New York City’s largest municipal pension funds voted to fully divest from fossil fuels on Monday, according to a press release.
The decision will reallocate $4 billion away from fossil fuel companies and toward economic sectors that are more conducive to a healthy planet. Environmental advocates have long called on governments, institutions, and investors to divest from fossil fuel companies as a way to deprive the industry of resources and accelerate its demise.
New York’s announcement was applauded by the environmental community.
“New York City has set a new bar for climate finance action,” said Bill McKibben, author and co-founder of 350.org, in a statement. “Today’s landmark action marks a bad day for Big Oil and a good day for the city’s pension systems and our planet. By taking billions out of the companies that own and profit off of fossil fuels, New York City is playing an enormous role in moving the financial industry toward a greener future.”
Pension funds that cover New York city employees, including teachers, were part of the historic vote. The plan to divest from fossil fuels was announced in 2018, following pressure from local activists for the city to take climate action.
City leaders said at the time that they would divest pension funds from fossil fuels and also double investments in climate mitigation and adaptation within five years. Mayor Bill de Blasio said on Monday that the city was on track to reach this second goal by investing in renewable energy, green infrastructure, and other areas.
“Fossil fuels are not only bad for our planet and our frontline communities, they are a bad investment,” said de Blasio in a statement. “Our first-in-the-nation divestment is literally putting money where our mouth is when it comes to climate change. Divestment is a bold investment in our children and grandchildren, and our planet."
New York plans to work with C40, a network of nearly 100 cities around the world addressing climate change, and the city of London to encourage other cities to divest from fossil fuels. In 2020, the mayors of 12 major cities, led by New York City and London, pledged to divest from fossil fuels and put money and resources into green efforts.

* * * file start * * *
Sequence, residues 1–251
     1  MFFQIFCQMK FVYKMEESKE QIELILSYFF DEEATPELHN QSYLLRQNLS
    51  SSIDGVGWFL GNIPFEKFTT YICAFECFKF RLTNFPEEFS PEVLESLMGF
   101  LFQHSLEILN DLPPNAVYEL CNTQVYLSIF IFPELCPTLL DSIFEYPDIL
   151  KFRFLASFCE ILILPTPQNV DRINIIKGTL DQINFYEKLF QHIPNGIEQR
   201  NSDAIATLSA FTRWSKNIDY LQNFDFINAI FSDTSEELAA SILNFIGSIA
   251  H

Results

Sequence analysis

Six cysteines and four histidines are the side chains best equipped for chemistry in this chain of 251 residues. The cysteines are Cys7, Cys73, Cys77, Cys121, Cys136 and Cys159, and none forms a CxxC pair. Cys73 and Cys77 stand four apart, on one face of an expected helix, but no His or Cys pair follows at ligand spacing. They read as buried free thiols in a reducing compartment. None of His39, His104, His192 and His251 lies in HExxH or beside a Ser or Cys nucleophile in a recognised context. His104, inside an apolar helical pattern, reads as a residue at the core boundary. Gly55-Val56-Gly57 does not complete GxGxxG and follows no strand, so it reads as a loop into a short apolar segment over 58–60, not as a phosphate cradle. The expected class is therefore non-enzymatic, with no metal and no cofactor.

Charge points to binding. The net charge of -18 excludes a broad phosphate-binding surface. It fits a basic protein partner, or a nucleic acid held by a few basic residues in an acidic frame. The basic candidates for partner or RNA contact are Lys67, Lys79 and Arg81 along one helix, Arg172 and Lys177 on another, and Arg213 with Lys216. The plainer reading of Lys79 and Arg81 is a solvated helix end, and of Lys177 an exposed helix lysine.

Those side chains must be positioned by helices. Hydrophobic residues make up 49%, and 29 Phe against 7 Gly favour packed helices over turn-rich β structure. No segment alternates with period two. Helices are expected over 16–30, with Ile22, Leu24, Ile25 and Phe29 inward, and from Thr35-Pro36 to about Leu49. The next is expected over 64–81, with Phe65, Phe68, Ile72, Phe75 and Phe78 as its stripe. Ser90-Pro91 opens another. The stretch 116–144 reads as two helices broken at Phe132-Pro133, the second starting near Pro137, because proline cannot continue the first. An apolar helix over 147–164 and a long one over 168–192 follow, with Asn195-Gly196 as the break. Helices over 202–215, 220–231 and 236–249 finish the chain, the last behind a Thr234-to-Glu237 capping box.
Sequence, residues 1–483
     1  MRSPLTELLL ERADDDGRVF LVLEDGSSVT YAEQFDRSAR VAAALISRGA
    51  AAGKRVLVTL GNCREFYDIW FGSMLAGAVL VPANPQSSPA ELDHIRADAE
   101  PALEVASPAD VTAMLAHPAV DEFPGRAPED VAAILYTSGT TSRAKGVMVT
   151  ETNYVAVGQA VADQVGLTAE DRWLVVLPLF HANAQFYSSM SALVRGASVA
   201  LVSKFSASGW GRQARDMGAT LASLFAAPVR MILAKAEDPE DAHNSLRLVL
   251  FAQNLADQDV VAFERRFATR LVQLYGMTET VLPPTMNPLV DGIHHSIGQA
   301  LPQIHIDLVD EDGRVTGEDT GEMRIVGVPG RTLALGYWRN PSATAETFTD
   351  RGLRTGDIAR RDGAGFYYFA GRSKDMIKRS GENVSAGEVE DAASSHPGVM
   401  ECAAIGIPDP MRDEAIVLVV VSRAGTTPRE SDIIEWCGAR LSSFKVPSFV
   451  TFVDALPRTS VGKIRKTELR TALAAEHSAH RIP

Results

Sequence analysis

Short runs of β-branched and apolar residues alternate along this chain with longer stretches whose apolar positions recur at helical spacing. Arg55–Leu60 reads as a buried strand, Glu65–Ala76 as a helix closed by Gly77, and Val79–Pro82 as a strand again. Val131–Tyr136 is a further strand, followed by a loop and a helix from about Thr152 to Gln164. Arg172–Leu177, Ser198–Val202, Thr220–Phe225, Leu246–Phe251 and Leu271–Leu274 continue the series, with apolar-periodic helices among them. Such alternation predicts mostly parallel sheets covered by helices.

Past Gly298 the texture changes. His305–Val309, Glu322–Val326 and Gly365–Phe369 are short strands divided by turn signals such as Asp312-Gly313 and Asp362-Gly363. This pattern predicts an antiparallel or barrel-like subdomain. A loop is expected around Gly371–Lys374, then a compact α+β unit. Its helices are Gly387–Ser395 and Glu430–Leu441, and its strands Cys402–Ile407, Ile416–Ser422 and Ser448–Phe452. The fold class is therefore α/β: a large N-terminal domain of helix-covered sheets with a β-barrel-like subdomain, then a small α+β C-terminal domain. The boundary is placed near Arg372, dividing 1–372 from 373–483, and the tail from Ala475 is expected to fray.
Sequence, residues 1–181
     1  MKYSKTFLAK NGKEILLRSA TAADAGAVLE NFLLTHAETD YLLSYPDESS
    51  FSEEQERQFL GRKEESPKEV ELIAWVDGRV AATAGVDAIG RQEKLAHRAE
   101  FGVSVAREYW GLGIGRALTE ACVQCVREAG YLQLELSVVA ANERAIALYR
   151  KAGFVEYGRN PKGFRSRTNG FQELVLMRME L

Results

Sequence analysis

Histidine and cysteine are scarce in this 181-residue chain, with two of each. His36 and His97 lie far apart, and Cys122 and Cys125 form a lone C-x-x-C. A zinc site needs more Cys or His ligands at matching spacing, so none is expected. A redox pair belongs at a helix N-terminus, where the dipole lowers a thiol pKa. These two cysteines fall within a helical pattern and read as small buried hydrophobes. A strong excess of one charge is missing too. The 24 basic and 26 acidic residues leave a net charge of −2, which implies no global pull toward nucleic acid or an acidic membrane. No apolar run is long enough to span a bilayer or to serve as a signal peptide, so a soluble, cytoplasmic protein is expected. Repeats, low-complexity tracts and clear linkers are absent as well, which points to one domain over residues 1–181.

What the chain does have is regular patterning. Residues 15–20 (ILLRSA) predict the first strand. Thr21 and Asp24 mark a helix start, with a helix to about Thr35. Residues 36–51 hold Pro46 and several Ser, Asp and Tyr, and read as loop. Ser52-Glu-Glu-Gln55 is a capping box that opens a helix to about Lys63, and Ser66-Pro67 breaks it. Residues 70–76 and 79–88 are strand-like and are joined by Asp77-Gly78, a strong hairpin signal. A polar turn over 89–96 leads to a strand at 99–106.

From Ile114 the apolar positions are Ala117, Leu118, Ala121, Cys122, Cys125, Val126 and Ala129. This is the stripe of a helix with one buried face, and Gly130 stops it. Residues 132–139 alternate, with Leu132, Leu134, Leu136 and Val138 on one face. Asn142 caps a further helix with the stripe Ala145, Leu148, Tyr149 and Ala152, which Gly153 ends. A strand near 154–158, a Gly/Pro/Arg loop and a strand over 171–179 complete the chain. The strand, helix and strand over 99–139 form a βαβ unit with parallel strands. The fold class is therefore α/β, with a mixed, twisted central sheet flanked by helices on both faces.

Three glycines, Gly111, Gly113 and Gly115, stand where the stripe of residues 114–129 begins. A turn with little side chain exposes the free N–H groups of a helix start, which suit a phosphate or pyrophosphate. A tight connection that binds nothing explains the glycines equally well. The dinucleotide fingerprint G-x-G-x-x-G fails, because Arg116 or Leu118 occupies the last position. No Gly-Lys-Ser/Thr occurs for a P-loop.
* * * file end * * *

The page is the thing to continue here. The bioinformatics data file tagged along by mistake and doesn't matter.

Over the past several years, fossil fuel divestment has grown from a fringe issue to a multi-trillion dollar campaign, encompassing universities, multinational institutions, leading investment firms, and municipal groups.
Divestment is not an end in itself. Instead, environmental advocates want divestment to build momentum for stronger climate action including the phasing out of fossil fuels entirely and a commitment to environmental conservation.
New York is highly vulnerable to climate change. Already, the city is warming faster than other parts of the United States. As a low-lying coastal metropolis, the city is exposed to sea level rise and intensifying tropical storms. In 2012, Hurricane Sandy gave a preview of what New York may face as climate change intensifies: catastrophic flooding, community displacement, and widespread damage to buildings and subways.
The mayor’s office plans to slash the city’s greenhouse gas emissions by 80% by 2050 compared to 2005 levels, while also making infrastructure more climate resilient, and investing in communities most impacted by climate change. Divesting from fossil fuels is a key part of the plan.
“It is right and just that, in the midst of the deadly pandemic, our beloved NYC is choosing life over death and acting on its commitment to divest the pension funds from fossil fuel investments,” said Marilyn Vasta, for Peoples Climate Movement NY, in a press release. “For too long we have financially supported the polluters that harm us; it is time to make polluters pay as we invest in a just transition to renewable energy."